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The functions described here perform various operations on vectors and matrices.

- Function:
**math-concat***x y* Do a vector concatenation; this operation is written ‘

’ in a symbolic formula. See Building Vectors.`x`|`y`

- Function:
**vec-length***v* Return the length of vector

`v`. If`v`is not a vector, the result is zero. If`v`is a matrix, this returns the number of rows in the matrix.

- Function:
**mat-dimens***m* Determine the dimensions of vector or matrix

`m`. If`m`is not a vector, the result is an empty list. If`m`is a plain vector but not a matrix, the result is a one-element list containing the length of the vector. If`m`is a matrix with`r`rows and`c`columns, the result is the list ‘`(`’. Higher-order tensors produce lists of more than two dimensions. Note that the object ‘`r``c`)`[[1, 2, 3], [4, 5]]`’ is a vector of vectors not all the same size, and is treated by this and other Calc routines as a plain vector of two elements.

- Function:
**dimension-error** Abort the current function with a message of “Dimension error.” The Calculator will leave the function being evaluated in symbolic form; this is really just a special case of

`reject-arg`

.

- Function:
**build-vector***args* Return a Calc vector with

`args`as elements. For example, ‘`(build-vector 1 2 3)`’ returns the Calc vector ‘`[1, 2, 3]`’, stored internally as the list ‘`(vec 1 2 3)`’.

- Function:
**make-vec***obj dims* Return a Calc vector or matrix all of whose elements are equal to

`obj`. For example, ‘`(make-vec 27 3 4)`’ returns a 3x4 matrix filled with 27’s.

- Function:
**row-matrix***v* If

`v`is a plain vector, convert it into a row matrix, i.e., a matrix whose single row is`v`. If`v`is already a matrix, leave it alone.

- Function:
**col-matrix***v* If

`v`is a plain vector, convert it into a column matrix, i.e., a matrix with each element of`v`as a separate row. If`v`is already a matrix, leave it alone.

- Function:
**map-vec***f v* Map the Lisp function

`f`over the Calc vector`v`. For example, ‘`(map-vec 'math-floor v)`’ returns a vector of the floored components of vector`v`.

- Function:
**map-vec-2***f a b* Map the Lisp function

`f`over the two vectors`a`and`b`. If`a`and`b`are vectors of equal length, the result is a vector of the results of calling ‘`(`’ for each pair of elements`f``ai``bi`)`ai`and`bi`. If either`a`or`b`is a scalar, it is matched with each value of the other vector. For example, ‘`(map-vec-2 'math-add v 1)`’ returns the vector`v`with each element increased by one. Note that using ‘`'+`’ would not work here, since`defmath`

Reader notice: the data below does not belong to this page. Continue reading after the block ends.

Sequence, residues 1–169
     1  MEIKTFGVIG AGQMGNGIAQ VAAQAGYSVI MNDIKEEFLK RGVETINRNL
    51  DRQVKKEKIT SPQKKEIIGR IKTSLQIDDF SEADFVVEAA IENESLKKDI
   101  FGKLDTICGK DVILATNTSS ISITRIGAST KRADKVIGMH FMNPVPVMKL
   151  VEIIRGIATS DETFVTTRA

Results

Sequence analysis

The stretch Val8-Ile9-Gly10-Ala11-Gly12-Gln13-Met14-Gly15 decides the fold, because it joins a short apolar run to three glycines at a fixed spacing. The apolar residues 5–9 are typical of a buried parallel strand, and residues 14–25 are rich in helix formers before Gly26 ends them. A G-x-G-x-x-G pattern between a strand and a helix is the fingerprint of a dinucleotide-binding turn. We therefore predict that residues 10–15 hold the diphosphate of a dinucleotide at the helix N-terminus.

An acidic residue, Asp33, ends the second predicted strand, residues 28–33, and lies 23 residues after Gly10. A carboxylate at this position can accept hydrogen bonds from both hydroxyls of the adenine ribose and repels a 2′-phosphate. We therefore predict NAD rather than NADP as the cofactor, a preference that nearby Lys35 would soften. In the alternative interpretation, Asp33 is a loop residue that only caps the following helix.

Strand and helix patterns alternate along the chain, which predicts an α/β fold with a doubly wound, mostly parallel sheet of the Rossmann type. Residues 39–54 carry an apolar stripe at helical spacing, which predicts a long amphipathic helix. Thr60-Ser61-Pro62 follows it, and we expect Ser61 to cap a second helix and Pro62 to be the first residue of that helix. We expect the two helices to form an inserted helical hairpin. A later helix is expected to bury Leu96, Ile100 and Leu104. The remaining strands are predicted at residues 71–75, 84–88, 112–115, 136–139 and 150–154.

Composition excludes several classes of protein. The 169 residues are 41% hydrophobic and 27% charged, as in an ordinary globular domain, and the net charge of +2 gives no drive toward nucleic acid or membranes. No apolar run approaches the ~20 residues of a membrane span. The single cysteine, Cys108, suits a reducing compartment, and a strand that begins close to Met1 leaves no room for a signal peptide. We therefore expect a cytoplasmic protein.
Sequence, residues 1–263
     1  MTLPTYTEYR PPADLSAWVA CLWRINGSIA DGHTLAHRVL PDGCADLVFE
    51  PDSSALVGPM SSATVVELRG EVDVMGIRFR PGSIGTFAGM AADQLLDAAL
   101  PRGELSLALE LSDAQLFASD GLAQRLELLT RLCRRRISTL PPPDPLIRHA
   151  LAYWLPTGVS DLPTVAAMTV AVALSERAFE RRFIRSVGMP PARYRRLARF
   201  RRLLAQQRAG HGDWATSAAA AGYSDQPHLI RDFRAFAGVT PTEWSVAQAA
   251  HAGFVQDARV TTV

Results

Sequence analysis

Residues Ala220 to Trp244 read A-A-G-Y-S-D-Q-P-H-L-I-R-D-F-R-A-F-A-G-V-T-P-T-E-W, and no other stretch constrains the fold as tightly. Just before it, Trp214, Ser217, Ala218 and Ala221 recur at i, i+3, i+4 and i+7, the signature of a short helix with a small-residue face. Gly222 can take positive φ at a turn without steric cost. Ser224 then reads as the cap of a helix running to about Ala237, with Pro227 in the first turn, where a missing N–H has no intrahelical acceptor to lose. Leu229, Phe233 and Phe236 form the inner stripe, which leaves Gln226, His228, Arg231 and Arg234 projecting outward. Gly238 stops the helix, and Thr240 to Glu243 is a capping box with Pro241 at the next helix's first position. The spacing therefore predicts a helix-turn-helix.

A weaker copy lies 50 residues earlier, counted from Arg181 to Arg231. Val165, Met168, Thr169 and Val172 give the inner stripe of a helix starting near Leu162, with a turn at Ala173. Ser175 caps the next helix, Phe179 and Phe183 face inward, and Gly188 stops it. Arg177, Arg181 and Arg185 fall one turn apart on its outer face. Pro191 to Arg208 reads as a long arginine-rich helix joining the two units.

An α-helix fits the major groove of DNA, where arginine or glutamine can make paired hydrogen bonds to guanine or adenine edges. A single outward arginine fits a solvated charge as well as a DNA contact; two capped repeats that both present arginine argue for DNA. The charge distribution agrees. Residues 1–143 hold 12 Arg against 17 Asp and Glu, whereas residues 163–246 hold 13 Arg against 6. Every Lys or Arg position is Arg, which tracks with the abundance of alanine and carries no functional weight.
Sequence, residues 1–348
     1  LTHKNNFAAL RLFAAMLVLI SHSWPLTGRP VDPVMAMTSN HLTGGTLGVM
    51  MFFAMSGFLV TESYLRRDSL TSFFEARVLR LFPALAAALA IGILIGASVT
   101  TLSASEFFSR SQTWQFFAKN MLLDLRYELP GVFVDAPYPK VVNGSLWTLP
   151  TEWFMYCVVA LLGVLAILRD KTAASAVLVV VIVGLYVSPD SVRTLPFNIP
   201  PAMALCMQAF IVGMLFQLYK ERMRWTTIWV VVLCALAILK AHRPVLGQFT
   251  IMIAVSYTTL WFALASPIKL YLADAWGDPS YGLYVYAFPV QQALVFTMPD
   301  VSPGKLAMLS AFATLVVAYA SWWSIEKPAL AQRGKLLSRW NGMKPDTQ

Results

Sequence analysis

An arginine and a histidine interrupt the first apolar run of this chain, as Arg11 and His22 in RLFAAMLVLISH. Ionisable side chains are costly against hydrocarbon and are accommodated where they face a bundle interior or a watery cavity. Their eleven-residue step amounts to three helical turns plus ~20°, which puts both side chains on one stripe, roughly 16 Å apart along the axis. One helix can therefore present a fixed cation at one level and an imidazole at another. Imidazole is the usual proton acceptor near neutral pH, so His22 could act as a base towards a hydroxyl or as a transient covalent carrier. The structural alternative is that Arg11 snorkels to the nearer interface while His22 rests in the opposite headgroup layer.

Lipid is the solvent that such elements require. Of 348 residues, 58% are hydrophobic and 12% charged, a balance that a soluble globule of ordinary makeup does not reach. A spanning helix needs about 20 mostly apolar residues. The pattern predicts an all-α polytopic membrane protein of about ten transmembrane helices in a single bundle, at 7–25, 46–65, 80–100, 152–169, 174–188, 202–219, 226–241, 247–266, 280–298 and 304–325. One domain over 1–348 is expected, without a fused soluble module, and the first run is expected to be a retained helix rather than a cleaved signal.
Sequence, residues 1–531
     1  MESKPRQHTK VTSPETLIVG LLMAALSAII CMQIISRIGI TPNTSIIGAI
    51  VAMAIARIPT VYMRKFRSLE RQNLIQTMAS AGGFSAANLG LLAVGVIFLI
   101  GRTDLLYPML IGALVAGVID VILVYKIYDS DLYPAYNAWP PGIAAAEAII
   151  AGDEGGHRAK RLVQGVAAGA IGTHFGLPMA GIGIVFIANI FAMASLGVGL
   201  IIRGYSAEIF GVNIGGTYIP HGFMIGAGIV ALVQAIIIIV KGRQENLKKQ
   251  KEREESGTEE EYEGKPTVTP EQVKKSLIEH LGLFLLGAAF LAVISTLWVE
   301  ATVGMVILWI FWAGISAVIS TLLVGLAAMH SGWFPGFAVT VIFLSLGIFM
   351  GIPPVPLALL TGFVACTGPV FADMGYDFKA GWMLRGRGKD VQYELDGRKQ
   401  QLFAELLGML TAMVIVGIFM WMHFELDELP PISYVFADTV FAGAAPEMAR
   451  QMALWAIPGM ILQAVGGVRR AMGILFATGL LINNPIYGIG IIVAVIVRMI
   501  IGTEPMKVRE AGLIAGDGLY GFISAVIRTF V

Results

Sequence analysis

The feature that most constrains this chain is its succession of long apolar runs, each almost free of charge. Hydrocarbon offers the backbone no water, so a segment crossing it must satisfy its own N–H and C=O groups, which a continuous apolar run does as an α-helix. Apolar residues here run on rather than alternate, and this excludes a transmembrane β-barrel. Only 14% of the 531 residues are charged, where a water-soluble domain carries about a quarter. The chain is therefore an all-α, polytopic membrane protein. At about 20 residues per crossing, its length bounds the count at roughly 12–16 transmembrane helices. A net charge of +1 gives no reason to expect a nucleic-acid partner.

does not expand function names everywhere, just where they are in the function position of a Lisp expression.

- Function:
**reduce-vec***f v* Reduce the function

`f`over the vector`v`. For example, if`v`is ‘`[10, 20, 30, 40]`’, this calls ‘`(f (f (f 10 20) 30) 40)`’. If`v`is a matrix, this reduces over the rows of`v`.

- Function:
**reduce-cols***f m* Reduce the function

`f`over the columns of matrix`m`. For example, if`m`is ‘`[[1, 2], [3, 4], [5, 6]]`’, the result is a vector of the two elements ‘`(f (f 1 3) 5)`’ and ‘`(f (f 2 4) 6)`’.

- Function:
**mat-row***m n* Return the

`n`th row of matrix`m`. This is equivalent to ‘`(elt m n)`’. For a slower but safer version, use`mrow`

. (See Extracting Elements.)

- Function:
**mat-col***m n* Return the

`n`th column of matrix`m`, in the form of a vector. The arguments are not checked for correctness.

- Function:
**mat-less-row***m n* Return a copy of matrix

`m`with its`n`th row deleted. The number`n`must be in range from 1 to the number of rows in`m`.

- Function:
**mat-less-col***m n* Return a copy of matrix

`m`with its`n`th column deleted.

- Function:
**transpose***m* Return the transpose of matrix

`m`.

- Function:
**flatten-vector***v* Flatten nested vector

`v`into a vector of scalars. For example, if`v`is ‘`[[1, 2, 3], [4, 5]]`’ the result is ‘`[1, 2, 3, 4, 5]`’.

- Function:
**copy-matrix***m* If

`m`is a matrix, return a copy of`m`. This maps`copy-sequence`

over the rows of`m`; in Lisp terms, each element of the result matrix will be`eq`

to the corresponding element of`m`, but none of the`cons`

cells that make up the structure of the matrix will be`eq`

. If`m`is a plain vector, this is the same as`copy-sequence`

.

- Function:
**swap-rows***m r1 r2* Exchange rows

`r1`and`r2`of matrix`m`in-place. In other words, unlike most of the other functions described here, this function changes`m`itself rather than building up a new result matrix. The return value is`m`, i.e., ‘`(eq (swap-rows m 1 2) m)`’ is true, with the side effect of exchanging the first two rows of`m`.